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Fernando Alonso opened up a commanding lead in the drivers' world championship after winning the Bahrain grand prix for Renault, writes James Allen. It was the Spaniard's second successive victory, the third in a row for Renault and the French marque's 100th in Formula 1. The team have now finished on top in every qualifying session and race in 2005.
The race was the hottest in F1 history with a track temperature of 55°C and an air temperature of 42°C. The heat took its toll as only 13 of the 20 starters made it to the chequered flag. Toyota got its best result in Formula 1 with Jarno Trulli second and Ralf Schumacher fourth, while McLaren Mercedes put Kimi Raikkonen on the podium, with Pedro de La Rosa, substituting for the injured Juan Pablo Montoya, the star of the show in fifth. The Spaniard gave great entertainment with a series of battles throughout the race. But McLaren's problem continues to be qualifying. They started from 8th and 9th and had to fight hard to get through the field.
Ferrari gambled on their new car five weeks ahead of schedule. It backfired with the team leaving Bahrain empty handed. World champion Michael Schumacher retired with hydraulic failure while Rubens Barrichello struggled to finish 9th. It was Schumacher's first retirement for technical reasons in three and a half years.
At the start, Schumacher battled with Alonso with Trulli close behind. After Schumacher's retirement on lap 12, Trulli closed on Alonso. But in the middle part of the race, Alonso was able to pull out a winning margin. "It was the hottest race I ever did, but the car was perfect," said Alonso. "Schumacher was quicker than me in the early stages, but I knew that even if he had passed me, my car would have been stronger at the end."
The teams now head back to Europe for an intensive test programme before the San Marino grand prix in three weeks' time. The order in the manufacturers' championship is Renault, Toyota, McLaren, but that picture could well change as the development race hits full stride.
* Munster completed a chastening few weeks for Irish rugby as they went out of the Heineken European Cup with a 19-10 defeat by Biarritz at a tumultuous Estadio Anoeta in San Sebastian, writes Huw Richards. Following less than 24 hours after Leinster's 29-13 home defeat by Leicester, Munster's loss means the Irish Heineken challenge has gone the same way of the hopes for a Six Nations Grand Slam that were still being warmly cherished less than a month ago.
It leaves the competition largely in French hands with Biarritz joining Stade Français and Toulouse in the final four, the third time France has had a semi-final trio. On neither previous occasion, though, could it take the trophy.
Munster, whose unrequited pursuit of the title is the Heineken's great romantic narrative, miss the semis for the first time in five seasons. Their defeats over the past six seasons have been by a total of only 20 points, this the first by a margin of more than a single converted try. But, as on those previous occasions, they were beaten by a better team. An unquenchable fighting spirit, combined with Biarritz's propensity for switching off, meant that unlike Newcastle in their 48-8 loss to Stade, or Northampton in going down 37-9 at Toulouse, they at least made a game of it.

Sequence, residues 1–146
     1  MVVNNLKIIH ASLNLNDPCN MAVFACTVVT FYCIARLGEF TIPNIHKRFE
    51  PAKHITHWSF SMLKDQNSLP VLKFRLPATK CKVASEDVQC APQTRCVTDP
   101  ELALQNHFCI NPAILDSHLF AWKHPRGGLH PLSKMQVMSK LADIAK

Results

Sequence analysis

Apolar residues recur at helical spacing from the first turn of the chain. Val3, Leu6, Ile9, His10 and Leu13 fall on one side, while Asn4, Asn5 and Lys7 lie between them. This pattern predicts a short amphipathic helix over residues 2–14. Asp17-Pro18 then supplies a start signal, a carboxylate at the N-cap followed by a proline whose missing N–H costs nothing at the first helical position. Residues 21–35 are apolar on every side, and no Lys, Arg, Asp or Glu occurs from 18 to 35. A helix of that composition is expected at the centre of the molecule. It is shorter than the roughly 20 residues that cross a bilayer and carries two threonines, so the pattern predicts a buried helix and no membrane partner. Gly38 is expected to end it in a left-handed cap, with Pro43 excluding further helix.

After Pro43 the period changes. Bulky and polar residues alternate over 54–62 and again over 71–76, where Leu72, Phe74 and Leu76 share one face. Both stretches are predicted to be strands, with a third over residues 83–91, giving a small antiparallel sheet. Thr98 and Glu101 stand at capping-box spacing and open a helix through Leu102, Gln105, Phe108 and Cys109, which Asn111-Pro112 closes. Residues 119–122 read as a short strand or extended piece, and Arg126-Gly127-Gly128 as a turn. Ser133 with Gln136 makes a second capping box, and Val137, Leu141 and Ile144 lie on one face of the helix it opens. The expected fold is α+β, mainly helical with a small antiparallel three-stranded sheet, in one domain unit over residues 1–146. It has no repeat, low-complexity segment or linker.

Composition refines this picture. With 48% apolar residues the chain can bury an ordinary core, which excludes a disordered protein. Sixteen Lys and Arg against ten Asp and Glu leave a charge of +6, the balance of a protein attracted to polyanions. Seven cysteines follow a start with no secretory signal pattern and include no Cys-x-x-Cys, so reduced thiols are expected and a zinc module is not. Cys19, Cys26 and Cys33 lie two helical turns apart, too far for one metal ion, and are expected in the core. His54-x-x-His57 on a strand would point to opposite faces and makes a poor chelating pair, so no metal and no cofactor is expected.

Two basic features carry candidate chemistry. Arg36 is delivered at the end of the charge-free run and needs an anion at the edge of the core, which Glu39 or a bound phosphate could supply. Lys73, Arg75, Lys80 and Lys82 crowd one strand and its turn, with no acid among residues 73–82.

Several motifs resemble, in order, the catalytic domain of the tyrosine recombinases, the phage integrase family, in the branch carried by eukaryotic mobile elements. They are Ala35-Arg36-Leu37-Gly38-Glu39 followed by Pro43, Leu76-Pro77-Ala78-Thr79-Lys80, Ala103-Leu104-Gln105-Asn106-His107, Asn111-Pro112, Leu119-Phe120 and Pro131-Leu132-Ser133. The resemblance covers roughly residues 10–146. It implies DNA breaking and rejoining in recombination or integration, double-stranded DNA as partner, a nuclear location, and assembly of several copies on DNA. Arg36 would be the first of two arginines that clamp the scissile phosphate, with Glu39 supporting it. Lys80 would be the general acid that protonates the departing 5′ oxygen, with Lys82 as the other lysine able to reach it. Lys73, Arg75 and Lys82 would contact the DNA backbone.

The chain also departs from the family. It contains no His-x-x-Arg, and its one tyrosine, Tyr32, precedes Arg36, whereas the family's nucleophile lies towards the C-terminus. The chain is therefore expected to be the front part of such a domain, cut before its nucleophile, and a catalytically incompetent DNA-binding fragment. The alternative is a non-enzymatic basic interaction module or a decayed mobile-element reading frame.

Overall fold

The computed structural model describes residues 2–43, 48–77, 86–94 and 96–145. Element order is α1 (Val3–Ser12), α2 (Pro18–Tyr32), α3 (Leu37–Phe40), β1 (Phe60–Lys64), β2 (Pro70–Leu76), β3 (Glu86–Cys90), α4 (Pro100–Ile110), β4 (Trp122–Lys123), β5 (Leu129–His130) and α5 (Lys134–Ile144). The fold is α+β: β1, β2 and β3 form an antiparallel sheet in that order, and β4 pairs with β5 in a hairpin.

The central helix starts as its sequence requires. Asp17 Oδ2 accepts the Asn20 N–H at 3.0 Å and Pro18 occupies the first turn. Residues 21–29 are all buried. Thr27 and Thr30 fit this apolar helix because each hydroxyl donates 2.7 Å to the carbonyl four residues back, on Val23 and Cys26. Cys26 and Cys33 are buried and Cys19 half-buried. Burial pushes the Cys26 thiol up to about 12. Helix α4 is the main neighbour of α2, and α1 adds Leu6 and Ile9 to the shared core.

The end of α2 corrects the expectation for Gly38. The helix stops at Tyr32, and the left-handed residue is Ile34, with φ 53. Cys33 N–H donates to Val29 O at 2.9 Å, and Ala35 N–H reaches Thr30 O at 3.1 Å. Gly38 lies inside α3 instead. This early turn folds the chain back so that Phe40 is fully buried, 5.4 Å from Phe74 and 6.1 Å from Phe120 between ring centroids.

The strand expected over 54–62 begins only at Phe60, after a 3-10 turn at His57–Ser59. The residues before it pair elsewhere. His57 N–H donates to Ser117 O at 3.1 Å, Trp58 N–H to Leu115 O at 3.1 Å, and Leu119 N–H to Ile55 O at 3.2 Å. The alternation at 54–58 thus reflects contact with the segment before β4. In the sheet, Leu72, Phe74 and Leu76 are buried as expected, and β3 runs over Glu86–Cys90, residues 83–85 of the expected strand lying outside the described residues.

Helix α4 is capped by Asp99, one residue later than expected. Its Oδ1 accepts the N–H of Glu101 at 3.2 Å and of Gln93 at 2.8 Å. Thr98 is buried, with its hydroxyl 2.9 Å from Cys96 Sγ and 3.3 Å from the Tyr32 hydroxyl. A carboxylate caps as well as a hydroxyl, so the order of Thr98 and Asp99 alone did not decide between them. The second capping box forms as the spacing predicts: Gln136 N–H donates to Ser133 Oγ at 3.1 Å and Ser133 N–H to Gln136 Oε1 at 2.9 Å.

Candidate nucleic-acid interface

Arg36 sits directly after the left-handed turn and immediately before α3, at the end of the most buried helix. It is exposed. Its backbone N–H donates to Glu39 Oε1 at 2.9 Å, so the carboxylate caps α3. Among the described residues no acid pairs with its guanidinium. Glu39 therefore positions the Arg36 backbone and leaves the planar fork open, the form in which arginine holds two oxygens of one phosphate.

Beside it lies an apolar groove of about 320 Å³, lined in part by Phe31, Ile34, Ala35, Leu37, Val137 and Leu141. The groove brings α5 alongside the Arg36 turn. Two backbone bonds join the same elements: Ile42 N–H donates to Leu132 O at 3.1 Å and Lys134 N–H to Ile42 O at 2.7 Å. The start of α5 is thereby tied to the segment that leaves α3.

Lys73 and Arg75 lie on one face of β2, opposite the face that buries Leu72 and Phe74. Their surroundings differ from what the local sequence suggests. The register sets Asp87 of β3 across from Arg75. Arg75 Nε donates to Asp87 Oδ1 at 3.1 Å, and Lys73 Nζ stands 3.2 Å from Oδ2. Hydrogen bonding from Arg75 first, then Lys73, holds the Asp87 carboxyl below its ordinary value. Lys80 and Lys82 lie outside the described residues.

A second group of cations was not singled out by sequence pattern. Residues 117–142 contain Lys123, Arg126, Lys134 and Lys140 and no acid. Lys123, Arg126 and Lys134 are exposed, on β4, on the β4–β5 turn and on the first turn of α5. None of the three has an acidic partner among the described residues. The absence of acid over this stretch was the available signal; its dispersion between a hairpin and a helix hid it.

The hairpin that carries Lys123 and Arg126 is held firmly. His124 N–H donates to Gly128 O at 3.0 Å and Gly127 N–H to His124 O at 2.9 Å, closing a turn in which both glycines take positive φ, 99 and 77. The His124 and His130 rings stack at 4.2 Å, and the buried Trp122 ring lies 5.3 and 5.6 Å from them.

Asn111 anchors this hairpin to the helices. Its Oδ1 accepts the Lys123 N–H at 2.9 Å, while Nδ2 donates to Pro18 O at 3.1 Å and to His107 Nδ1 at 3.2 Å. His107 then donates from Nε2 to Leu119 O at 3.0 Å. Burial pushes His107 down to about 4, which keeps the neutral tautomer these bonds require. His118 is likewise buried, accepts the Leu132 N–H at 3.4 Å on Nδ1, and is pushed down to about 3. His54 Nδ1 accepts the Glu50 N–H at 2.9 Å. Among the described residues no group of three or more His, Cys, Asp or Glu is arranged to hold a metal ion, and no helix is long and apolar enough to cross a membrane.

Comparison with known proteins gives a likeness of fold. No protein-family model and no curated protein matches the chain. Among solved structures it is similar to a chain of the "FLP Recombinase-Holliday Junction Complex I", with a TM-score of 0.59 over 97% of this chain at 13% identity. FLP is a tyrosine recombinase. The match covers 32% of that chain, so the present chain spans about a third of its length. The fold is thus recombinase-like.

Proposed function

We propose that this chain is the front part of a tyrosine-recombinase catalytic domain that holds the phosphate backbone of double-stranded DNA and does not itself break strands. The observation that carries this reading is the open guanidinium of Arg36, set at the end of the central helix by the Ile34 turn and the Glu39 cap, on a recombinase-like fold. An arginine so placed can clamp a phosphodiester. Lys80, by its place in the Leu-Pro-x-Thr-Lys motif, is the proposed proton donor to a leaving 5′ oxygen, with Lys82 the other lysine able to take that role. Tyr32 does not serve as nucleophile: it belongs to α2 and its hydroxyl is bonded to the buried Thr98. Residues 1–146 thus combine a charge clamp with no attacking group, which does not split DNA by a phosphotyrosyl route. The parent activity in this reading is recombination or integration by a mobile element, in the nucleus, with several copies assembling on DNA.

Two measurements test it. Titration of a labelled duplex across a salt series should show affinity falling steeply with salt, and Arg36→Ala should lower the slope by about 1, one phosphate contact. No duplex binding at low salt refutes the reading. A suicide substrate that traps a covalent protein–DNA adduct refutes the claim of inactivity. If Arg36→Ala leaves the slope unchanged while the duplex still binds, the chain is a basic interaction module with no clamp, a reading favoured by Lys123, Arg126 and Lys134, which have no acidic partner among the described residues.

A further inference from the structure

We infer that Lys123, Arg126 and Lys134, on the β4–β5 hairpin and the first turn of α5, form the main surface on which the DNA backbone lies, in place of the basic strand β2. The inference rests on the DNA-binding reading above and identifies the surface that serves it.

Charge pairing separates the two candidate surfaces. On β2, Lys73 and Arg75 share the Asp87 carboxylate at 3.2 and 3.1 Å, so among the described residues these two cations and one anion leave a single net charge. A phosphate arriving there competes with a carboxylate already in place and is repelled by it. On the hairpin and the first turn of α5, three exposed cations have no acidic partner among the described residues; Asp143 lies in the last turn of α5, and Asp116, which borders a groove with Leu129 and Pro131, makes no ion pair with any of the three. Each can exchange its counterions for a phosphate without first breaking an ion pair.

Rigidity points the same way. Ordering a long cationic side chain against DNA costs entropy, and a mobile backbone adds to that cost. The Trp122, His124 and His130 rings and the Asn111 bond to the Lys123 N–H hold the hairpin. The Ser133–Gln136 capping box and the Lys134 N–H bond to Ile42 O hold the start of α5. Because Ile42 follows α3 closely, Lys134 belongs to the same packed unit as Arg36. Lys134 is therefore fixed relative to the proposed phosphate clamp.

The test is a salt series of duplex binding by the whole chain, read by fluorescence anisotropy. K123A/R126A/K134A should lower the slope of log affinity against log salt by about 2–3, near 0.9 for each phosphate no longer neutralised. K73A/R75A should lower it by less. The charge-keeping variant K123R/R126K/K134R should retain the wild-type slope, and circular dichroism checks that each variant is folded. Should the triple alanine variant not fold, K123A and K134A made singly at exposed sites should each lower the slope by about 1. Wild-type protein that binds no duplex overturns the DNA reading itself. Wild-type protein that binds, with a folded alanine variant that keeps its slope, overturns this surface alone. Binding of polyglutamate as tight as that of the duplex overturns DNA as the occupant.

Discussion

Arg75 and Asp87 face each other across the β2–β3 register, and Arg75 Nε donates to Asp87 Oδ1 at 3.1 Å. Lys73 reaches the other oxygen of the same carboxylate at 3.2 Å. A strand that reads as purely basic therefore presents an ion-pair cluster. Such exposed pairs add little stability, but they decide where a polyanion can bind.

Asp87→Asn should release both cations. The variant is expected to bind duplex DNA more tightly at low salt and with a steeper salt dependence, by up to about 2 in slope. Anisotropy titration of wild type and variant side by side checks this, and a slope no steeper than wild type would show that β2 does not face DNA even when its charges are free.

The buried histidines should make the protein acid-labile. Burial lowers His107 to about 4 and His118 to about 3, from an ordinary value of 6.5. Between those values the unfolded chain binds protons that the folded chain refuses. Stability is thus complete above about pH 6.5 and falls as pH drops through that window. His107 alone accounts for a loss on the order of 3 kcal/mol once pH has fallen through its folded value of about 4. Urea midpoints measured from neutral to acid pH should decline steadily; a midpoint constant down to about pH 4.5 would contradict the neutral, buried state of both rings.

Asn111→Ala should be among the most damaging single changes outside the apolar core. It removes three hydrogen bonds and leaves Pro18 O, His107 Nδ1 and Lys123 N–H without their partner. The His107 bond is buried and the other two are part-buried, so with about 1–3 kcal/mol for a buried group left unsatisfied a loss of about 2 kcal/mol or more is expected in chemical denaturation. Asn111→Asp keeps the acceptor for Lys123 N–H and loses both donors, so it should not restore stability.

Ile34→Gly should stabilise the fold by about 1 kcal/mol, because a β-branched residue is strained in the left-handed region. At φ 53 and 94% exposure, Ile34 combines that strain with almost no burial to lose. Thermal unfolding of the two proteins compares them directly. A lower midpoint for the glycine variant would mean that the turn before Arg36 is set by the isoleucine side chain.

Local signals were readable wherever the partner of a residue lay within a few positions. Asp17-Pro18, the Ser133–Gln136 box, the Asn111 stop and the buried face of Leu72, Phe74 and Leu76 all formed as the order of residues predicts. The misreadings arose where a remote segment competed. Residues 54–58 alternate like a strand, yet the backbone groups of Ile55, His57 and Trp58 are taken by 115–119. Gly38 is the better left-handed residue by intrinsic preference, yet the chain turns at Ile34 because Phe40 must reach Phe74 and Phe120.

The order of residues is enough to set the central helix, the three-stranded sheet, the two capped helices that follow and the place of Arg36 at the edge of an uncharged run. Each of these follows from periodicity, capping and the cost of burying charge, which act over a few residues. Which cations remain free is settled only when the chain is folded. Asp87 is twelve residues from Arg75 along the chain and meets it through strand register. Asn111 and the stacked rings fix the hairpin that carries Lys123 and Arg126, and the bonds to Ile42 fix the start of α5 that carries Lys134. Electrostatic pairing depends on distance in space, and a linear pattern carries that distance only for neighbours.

A 45th minute try by flanker David Wallace, picking up from the back of a scrum five yards out, put them back into contention after Biarritz had led 16-0 from Dimitir Yachvili's three penalties and conversion of Argentinian centre Martin Gaitan's 12th minute try, following a one-sided first-half. But, again Munster found spirit will take you only so far against the strongest opposition. Guile, imagination and change of pace were as absent as they have been throughout their Heineken campaigns. Had Brian O'Driscoll been born, like his mother, in Cork rather than Dublin they might have won the Heineken more times than Leicester or Toulouse. Instead they will be watching when the two-time winners clash in three weeks' time, while Biarritz go on to play Stade.
* A month ago, playing the theme from The Great Escape at West Brom’s home of the Hawthorns would have been an act of the bleakest irony. As it rang out at the final whistle on Sunday, though, it summed up the mood of hope that Bryan Robson has brought to West Brom, writes Jonathan Wilson. History is against them - no team bottom on Christmas day has avoided relegation from the Premiership - but the 1-0 defeat of Everton was their third win in four games and they now lie third from bottom, behind Southampton only on goal difference. It was scrappy, frantic and often fractious, but West Brom fans won't care.
Everton's form, meanwhile, continues to slide. Sunday's was their fourth defeat in their past five league games, and Liverpool are now just a point behind in the hunt for the fourth Champions League place. They may feel unfortunate not to have nicked an equaliser in a nerve- racking late siege, and it took a fine parry from Russell Hoult to keep out Marcus Bent's swerving drive, but West Brom fully deserved their victory. The win was finally secured by Zoltan Gera's 63rd minute header, the Hungarian leaping above Joseph Yobo to guide Jonathan Greening's cross just inside the post. It was only West Brom's 14th home goal of the season, the lowest tally in the Premiership.
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